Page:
Creative Play - Anne Rodgers
Creative play can be defined as many things. Mainly, it is a way of encouraging children to experiment and explore the world around them. As children learn through their senses, creative play can also help them to achieve and develop physical, emotional, social and intellectual skills which will help them to increase self-esteem and confidence. To achieve this; children need to have space, plenty of materials, unhurried time to experiment, opportunities to revisit experiences and to be introduced to new ways of working and ideas. Creativity can be explored through: play dough, salt dough, collage, painting, home corner, sand and water play, displays, songs and rhymes, music and movement, story time and books, poetry, drama, outdoor play and cooking.
Creative play includes art such as painting either by printing, on an easel using paintbrushes, hand or foot painting, drawing and designing. It can be making a collage of various materials such as paper, card, pasta shapes, wool, or real objects like leaves. Creative play can be music and movement, interpreting sounds and rhythms through dance and percussion. It can even be cooking activities where the children have to design biscuits and ice them to their own taste and design. Creativity also includes being curious, questioning differences and similarities, investigating, exploring and experimenting. In a creative environment children can begin to see patterns emerging, to pretend and to imagine. They can construct and combine ideas, concepts and materials, to use these as representation and in response to the creative process. Creativity is almost conditional on an element of spontaneity and, for something creative to take place, it must generate a surprising ingredient which helps to transform the way that the child operates and thinks. Creative play is a process, not an end product. It involves various stages of learning including finding out about many different materials and becoming familiar with their properties. Children will learn and develop techniques, discover colours, shapes, sizes, textures and patterns. Children might also gain confidence as competence grows. That is, the more often they practice with media and materials and experiment, the better they will become at expressing themselves and creating. Creativity and imagination are often linked together but creativity is about thinking along unorthodox lines and using non-traditional approaches to solve problems, creating something unique or original in the process. Imagination is to integrate experiences and perceptions and to pretend. Creativity therefore involves the use of imagination.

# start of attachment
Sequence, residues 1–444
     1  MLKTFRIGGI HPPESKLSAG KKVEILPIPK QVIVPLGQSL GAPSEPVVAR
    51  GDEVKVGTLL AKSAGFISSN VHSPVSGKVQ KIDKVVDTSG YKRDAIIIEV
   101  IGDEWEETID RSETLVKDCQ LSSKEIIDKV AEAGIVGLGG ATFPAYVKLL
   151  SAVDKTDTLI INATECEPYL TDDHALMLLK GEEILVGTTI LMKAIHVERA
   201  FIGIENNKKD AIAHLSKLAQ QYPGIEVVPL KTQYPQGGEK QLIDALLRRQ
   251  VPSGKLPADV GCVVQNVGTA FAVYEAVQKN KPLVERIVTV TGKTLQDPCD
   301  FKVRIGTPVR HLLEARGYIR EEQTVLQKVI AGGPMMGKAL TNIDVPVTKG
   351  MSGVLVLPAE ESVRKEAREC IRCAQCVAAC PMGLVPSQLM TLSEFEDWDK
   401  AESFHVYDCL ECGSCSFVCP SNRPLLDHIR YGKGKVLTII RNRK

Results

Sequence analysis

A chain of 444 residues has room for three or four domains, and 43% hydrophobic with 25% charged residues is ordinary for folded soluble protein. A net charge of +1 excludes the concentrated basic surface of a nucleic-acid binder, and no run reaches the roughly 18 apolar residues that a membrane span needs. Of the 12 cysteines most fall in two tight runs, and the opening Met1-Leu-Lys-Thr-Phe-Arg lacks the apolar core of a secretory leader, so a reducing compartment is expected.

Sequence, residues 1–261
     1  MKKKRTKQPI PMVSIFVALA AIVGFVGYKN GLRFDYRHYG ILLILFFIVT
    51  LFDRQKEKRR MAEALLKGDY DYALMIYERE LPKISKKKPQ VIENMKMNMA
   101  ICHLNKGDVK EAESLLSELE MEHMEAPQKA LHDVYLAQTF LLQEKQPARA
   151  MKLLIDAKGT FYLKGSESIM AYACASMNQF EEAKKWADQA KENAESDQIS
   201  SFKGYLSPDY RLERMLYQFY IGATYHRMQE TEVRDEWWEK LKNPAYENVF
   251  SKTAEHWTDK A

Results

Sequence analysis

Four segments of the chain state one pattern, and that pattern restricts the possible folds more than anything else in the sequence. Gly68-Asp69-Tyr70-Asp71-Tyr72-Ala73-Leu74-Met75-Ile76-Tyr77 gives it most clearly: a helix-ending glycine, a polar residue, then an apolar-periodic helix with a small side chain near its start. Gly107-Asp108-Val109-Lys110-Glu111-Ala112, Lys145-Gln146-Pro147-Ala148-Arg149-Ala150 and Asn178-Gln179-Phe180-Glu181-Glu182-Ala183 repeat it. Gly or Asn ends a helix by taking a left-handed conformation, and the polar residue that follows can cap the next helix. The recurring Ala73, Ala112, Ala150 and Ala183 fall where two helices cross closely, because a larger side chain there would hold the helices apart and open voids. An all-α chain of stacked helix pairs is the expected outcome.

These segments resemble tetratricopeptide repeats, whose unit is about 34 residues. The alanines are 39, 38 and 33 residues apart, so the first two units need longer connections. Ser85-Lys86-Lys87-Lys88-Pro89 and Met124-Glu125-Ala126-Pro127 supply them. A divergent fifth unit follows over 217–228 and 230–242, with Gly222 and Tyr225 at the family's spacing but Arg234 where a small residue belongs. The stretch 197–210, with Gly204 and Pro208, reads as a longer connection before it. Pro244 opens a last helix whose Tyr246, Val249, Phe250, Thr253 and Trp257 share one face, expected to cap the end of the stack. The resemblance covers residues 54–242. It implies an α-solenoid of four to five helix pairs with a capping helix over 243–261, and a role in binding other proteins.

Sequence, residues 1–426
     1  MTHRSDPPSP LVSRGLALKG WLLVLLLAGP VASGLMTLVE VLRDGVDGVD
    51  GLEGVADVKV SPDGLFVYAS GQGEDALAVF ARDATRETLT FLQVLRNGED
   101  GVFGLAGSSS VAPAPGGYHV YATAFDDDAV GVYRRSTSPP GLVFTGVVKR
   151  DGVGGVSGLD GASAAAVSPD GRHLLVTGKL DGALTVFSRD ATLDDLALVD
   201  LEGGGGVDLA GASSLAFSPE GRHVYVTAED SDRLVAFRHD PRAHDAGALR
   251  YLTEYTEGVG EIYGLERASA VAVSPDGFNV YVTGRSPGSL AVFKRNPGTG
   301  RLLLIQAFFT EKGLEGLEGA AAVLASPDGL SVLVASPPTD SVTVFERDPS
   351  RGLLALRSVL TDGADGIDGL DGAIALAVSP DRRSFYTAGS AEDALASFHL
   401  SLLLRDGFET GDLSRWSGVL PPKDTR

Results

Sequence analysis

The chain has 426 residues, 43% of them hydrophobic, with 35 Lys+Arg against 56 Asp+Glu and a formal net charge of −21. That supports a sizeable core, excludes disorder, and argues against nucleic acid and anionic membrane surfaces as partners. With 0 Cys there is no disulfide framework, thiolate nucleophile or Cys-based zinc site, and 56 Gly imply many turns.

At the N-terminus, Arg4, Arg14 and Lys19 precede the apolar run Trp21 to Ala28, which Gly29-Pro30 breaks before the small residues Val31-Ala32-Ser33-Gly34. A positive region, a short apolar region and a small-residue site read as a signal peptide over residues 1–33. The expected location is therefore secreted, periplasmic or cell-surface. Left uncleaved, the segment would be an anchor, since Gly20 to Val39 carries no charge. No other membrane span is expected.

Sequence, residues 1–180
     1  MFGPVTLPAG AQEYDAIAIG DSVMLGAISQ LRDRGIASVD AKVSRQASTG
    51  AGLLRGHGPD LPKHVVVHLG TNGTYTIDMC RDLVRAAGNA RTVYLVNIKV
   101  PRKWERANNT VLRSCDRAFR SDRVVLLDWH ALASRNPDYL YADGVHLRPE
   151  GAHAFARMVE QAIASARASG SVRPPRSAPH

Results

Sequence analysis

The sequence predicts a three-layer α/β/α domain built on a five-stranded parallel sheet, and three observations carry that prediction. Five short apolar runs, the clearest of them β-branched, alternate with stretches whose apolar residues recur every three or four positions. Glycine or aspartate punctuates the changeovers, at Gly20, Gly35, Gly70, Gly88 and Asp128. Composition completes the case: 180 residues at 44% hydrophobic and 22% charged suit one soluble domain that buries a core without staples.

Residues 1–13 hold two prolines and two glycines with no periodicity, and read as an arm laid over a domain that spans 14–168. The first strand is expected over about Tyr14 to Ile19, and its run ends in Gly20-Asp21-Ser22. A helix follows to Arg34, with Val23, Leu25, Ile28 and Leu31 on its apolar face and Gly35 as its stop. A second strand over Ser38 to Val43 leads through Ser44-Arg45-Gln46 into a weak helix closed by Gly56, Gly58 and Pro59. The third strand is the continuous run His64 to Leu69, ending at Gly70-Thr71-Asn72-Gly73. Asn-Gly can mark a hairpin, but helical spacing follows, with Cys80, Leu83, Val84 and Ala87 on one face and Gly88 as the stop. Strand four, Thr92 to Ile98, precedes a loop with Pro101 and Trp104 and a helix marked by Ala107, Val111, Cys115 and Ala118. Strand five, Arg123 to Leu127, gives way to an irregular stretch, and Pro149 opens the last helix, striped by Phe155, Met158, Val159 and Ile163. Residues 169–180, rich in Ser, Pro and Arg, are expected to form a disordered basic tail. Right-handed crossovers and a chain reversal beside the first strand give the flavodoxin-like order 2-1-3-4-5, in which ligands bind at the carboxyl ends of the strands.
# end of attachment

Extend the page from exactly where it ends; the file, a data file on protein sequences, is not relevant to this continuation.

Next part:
Creative development encompasses ideas such as art, dramatic play and creative expression, all of which have traditionally been a core part of early years provision. It allows children the freedom to find ways of expressing their ideas and communicating their feelings. By being able to use paints, role play and imaginative play areas they can express feelings and act out scenarios that are significant in their lives at that time. Getting absorbed in creating a painting can be very therapeutic to a child and may help in that child being able to communicate how they are feeling and how they’d like us to help.
Benefits to the child when engaging in creative play are numerous. It might help them with their emotional and social development – developing self-esteem through expression, participation, independence and communication. Through being creative, young children can release powerful feelings. It’s therefore important to monitor children during creative play as negative feelings, such as anxiety, can inhibit a child’s creativity and imagination and young children need to have a sense of emotional well-being in order to tap into their creative resources.
Most settings will have a designated area for arts and crafts and children should be allowed freedom to choose which items to use in their art work as much as possible. It is the process of creating that matters most rather than the end product.
Anne Rodgers – Early Years Consultant – I have worked in early years for 36 years and have owned my own chain of nurseries, taught EYPS and CACHE students, written books and articles on early years topics and currently offer help and support to settings including putting on training courses for staff CPD